Introduction: Mario Mural
This is a Mario Brothers Mural I made for my 8th Grade math class. The goal was to create an interesting display that was of high interest to the students but also serves as a teaching tool for various concepts. The end result was turning what was once a blank white wall into and great display and continuous classroom lesson. The classroom project cost just over one hundred dollars, with most of the cost going towards the Mario Decals.
The wall is used to teach
Reading a Graph or Chart
You will need:
Paint-Blue,Green, White, Yellow(oiled based paint was necessary as I was painting a wall that had been painted many times prior with oil based paint)
Paint Accessories(Brush, Roller, Paint Pan, Drop Cloth)
Large Wall(30 ft by 9 ft)
Step 1: Outline the Layout
I took measurements and create a scaled version on paper, so I had a plan when I started to paint the wall.
Things to consider:
Spacing of characters
Seams at where the brick meet
How can you create movement?
How can you create depth?
Once I taped down the outline that separates the ground from the sky, I had to paint the grooves because of the texture of the brick wall.
Painting from the top of the mural to the bottom helps minimize unwanted crossing of colors and paint.
Step 2: Sky and Ground
This part is relatively simple has you just are rolling paint onto the wall. It is large wall approximately 30 ft by 9 ft, so it take some time but all things consider not to bad.
I edge the green line over the blue line, as green is darker than blue. I freehand the straight line and it came out very straight. One strategy is to hold your breath when trying to painting a straight line.
Step 3: Clouds and Patterns
For the grass area I tried to create something similar to the most recent version of Mario Brothers. Most scences have a triangle pattern along the bottom to represent the ground. Using a little white paint and blue paint I create a softer shade of green. Then I painted a small line with points. I made sure to make sure my points were large and space out. From there I create a second line than ran parallel to the first line.
For the clouds I used small amounts of white paint in a swirling pattern.
Things to consider:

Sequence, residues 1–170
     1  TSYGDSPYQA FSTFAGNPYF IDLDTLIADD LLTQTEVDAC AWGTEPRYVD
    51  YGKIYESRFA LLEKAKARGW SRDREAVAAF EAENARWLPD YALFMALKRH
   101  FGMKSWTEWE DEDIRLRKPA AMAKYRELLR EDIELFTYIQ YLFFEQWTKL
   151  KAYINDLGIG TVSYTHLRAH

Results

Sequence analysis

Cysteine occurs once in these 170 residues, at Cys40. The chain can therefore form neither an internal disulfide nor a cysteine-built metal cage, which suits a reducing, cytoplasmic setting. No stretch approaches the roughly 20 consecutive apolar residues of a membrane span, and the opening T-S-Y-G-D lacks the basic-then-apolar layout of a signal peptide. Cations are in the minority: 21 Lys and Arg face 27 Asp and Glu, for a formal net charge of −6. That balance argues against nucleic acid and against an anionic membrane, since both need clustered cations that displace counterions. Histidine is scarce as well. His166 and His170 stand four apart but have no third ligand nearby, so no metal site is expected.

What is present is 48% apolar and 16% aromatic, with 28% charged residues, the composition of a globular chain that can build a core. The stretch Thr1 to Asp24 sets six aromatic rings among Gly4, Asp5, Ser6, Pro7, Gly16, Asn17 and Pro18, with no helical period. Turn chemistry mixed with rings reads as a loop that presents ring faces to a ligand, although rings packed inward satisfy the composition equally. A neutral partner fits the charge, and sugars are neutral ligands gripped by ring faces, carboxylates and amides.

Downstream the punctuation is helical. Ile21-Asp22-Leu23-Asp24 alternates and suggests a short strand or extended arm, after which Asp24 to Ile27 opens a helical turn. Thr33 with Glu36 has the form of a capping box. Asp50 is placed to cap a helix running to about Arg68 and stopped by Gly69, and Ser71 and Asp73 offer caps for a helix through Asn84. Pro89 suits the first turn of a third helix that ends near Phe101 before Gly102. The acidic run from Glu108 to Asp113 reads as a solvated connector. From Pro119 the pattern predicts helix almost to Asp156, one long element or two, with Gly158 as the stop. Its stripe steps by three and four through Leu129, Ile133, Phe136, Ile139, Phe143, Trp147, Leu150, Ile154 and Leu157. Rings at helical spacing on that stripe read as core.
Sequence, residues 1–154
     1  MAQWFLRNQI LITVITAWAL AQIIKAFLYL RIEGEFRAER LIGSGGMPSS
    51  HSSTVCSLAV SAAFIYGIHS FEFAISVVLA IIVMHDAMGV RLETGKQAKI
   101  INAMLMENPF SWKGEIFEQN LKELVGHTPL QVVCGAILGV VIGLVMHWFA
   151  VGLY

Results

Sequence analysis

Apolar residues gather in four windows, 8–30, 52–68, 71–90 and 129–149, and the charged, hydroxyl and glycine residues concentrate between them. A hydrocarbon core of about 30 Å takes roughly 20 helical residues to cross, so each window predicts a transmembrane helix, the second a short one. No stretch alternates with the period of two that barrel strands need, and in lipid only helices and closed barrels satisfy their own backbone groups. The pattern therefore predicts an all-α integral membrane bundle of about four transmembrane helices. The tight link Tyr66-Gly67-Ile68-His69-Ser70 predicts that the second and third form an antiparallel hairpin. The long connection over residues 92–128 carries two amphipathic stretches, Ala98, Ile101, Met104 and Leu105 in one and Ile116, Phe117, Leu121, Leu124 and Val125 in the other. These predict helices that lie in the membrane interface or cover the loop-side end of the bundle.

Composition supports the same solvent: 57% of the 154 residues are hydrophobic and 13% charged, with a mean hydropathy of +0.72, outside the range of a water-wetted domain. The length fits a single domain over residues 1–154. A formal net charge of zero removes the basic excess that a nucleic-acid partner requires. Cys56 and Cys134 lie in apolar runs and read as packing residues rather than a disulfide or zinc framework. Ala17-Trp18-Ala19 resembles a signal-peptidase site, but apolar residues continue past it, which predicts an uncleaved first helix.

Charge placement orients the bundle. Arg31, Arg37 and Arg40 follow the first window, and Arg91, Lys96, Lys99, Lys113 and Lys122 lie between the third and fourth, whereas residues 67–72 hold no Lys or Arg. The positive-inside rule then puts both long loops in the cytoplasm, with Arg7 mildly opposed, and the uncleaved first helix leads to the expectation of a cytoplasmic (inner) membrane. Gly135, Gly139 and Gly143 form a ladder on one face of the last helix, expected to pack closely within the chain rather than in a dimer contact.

Odd number of items are good in a painting. There are five clouds
Where are the decals going? Try to create depth with the decals
Size and softness of the cloud. Smaller softer clouds give the illusion of depth
Step 4: Characters
On of the best parts of the design, was I was able to paint over the old intercom speaker cover. My design was built around the idea that the speaker cover would be a mystery box.
I place the speaker cover back on and started placing the decals in their appropriate location. A extra set of eyes is suggested as the mural is large and its nice for someone else to help you level the decals and space them accordingly to your design.
I completed this project over a two week break and the student were very impressed.
All things considered it took 6-8 hours over 2 days to make this Mario Brothers wall.
Step 5: Math Lesson
This idea is show the difference between positive and negative numbers. Subtracting of Integers typically use altitude questions and so the design serves as a number line to show the distance between Positve 5 and Negative 2 is a total of 7 units(bricks).
Finding the middle number of a set of data points depends on whether there is a odd or even amount of data points. The red bricks serve as a good example of how the middle can be an actual data point or in between two data points. This is also used in determining the upper and lower quartiles of a data set.
The layout emphasis how we tend to read a line or graph from left to right. It also helps distinguish the difference between zero and undefined slope.
The bricks used to actually make the wall serve as a nice grid. Although the bricks are not necessarily square, it still allows for us to count the horizontal change and vertical change. The ground is intentionally two different slopes(steepness) so we can demonstrate how slope is a ratio or rate that can be identified by its steepness and calculated on a graph or using data.
A little bit higher level thinking than a 8th grade might typically do, but a piecewise function are functions, in this case linear functions, that have limits. These limits allow for a range of values but with restrictions. Piecewise "steps" function are spots where the graph might jump up(green pipe), these are seen in the real world where we have a range but then jump from one section to another. A good example of that would be tax brackets.
Participated in the